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Time to take brain dead patients off life support
January 3, 2014 - Andrea Johnson
Two tragic cases of brain dead patients are in the news this week.
In one case, a mother is fighting desperately to force an Oakland, Calif., hospital to keep her 13-year-old daughter, who was declared brain dead following a tonsillectomy in early December, on life support. In another case, the husband of a brain dead pregnant woman wants a North Texas hospital to disconnect her from life support. The hospital has refused, citing a state law that requires them to provide life support to save the fetus of a pregnant woman.
Erick Munoz, husband of Marlise, said his 33-year-old wife would never want to be kept alive on life support. Marlise, who suffered a likely pulmonary embolism in November when she was 14 weeks pregnant, was a paramedic like her husband. She made her wishes on the subject well known, according to her husband, who doesn't seem to want to keep his wife on life support even if it might save their unborn child. None of the articles have said so explicitly, but I imagine the family is concerned about the prospect of the baby being born with severe disabilities. Surely, this is not an ideal situation for a pregnancy and chances are high that the fetus has already sustained brain damage if the mother was without oxygen for several minutes. If he or she is born prematurely, there is also an increased risk of disability. Medical bills are probably also extensive. The Munozes already have a one-year-old son at home whom Erick Munoz will now have to raise on his own. But doctors at John Peter Smith Hospital in Fort Worth, Texas have told the family that state law requires that they must leave Marlise on life support until her pregnancy has reached 24 weeks or until she has miscarried.
Meanwhile, at Children's Hospital, Oakland, Nailah Winkfield has been waging a bitter battle to force doctors to leave her teenage daughter on a ventilator. Doctors have said 13-year-old Jahi McMath is brain dead, has no hope of recovery, and they have refused to do tracheotomy surgery or insert a feeding tube or assist in any way in moving the girl to a long term care facility. According to news reports, the county has already issued the girl's death certificate.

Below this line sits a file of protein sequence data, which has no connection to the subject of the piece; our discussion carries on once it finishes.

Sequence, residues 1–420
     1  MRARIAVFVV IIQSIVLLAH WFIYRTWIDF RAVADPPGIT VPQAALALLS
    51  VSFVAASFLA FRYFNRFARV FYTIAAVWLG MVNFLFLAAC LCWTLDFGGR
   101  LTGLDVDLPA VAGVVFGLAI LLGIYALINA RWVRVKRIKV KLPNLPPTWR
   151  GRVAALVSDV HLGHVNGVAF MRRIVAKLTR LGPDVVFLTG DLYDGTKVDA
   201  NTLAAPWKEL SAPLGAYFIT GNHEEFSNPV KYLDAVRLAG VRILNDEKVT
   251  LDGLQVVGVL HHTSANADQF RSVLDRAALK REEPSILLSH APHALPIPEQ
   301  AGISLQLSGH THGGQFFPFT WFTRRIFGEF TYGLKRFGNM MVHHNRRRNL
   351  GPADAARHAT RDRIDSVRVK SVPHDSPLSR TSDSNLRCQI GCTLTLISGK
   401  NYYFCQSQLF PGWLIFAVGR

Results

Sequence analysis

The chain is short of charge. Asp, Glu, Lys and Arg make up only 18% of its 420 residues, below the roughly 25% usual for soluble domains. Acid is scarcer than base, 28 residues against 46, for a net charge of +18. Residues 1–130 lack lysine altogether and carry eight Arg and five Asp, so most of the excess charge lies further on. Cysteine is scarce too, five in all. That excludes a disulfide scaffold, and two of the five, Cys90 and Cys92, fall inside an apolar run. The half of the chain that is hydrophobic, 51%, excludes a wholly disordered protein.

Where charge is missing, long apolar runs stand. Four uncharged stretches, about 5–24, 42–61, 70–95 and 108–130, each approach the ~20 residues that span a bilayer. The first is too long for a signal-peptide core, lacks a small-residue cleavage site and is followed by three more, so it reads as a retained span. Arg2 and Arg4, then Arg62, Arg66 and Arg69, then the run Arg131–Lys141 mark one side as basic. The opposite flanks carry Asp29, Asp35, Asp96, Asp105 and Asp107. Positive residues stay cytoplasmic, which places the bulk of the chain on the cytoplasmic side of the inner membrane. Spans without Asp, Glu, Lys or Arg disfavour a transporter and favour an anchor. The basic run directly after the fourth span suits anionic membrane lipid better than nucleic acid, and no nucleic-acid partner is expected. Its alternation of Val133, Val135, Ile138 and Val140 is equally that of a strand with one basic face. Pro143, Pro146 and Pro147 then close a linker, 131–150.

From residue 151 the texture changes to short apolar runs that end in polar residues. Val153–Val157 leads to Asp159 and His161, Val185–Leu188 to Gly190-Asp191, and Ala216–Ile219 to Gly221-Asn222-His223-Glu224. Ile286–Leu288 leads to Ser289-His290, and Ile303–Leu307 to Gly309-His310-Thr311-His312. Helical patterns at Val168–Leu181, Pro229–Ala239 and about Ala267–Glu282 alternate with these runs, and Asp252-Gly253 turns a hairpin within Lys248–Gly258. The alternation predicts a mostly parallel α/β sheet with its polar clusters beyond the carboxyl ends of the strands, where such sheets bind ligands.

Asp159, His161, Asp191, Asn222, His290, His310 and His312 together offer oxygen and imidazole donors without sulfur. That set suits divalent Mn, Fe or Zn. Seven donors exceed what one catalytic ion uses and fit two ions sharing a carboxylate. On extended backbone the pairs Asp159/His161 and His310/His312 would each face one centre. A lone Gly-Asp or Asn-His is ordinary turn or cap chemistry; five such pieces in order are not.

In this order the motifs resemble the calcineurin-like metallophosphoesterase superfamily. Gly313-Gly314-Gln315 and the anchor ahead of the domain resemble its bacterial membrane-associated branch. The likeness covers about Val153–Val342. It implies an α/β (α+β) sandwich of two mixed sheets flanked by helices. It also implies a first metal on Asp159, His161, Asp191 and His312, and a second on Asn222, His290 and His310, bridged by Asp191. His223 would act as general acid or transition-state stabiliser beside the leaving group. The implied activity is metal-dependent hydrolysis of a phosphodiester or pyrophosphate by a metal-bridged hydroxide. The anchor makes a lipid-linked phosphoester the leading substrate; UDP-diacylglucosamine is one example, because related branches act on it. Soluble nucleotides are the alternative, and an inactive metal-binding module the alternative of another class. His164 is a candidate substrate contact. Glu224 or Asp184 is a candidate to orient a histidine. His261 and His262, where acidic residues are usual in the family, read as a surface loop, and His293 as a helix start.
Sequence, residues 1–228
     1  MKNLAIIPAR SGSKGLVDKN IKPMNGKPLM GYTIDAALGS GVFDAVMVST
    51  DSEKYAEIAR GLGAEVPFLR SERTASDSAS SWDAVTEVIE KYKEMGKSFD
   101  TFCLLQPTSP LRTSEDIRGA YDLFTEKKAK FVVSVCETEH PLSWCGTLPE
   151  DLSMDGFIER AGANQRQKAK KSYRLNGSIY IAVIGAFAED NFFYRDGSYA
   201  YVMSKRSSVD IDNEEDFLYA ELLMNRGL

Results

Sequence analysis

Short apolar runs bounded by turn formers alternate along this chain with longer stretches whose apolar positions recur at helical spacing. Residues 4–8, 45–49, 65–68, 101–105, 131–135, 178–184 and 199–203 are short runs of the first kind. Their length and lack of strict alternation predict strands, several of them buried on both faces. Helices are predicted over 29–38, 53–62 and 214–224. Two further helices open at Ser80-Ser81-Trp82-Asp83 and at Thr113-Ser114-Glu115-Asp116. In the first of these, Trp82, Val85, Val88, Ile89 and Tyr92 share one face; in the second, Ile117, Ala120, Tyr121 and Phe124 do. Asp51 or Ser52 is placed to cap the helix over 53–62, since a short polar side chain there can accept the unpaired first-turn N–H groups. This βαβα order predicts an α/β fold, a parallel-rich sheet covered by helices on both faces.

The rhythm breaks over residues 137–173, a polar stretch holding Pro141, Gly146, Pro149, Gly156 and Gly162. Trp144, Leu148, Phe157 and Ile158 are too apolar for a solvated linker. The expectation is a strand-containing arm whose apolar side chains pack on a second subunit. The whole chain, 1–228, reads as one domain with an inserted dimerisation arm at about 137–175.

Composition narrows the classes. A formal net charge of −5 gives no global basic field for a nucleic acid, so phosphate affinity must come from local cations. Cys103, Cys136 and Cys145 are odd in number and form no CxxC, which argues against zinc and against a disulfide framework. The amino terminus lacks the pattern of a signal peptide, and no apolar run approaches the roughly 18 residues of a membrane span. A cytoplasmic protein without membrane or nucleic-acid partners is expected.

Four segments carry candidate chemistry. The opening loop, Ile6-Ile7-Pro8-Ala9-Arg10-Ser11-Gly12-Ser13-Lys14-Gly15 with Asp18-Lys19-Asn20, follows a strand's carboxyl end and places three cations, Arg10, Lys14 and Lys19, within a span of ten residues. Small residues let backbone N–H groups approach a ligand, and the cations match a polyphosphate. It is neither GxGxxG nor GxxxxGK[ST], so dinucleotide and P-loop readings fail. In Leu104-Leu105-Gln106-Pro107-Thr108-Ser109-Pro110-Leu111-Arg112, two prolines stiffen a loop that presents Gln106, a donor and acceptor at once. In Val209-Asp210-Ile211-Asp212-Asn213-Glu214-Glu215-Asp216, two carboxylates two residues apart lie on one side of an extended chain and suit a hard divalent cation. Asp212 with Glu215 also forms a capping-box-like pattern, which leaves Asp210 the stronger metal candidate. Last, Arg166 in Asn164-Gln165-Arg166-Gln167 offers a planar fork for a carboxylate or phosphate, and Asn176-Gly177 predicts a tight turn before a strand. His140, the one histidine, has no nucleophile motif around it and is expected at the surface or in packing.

A judge ruled today that Winkfield can remove the girl from the hospital as long as she assumes full responsibility for the girl's body, according to news reports. Winkfield, who seems to be in a state of denial, still seems to believe that the girl will recover. There is apparently a long term care facility in Long Island that might take the girl, but first the family needs to find a doctor willing to insert a trach and a feeding tube.
I think it's probably time to disconnect both Marlise Munoz and Jahi McMath, both of whom are dead, from life support. While it may be crass to consider money, it is also true that medical resources are finite. Jahi McMath is occupying a bed in the intensive care unit at Children's Hospital that another child probably needs. Everyone can sympathize with the pain of a mother who has lost a child and with her need for time to come to terms with the loss, but I'm not sure that anyone can afford to give her weeks and months, at the cost of millions of dollars, to come to terms with that loss and to accept that what the doctors are telling her is true. In the case of Munoz, I would support her husband if he wanted to keep his wife on life support long enough to save his child, but I can also sympathize with his position that his wife would not want this and he does not want it for her. Taking her off life support is a choice that he should legally be allowed to make.
Who do you think is right in these situations?
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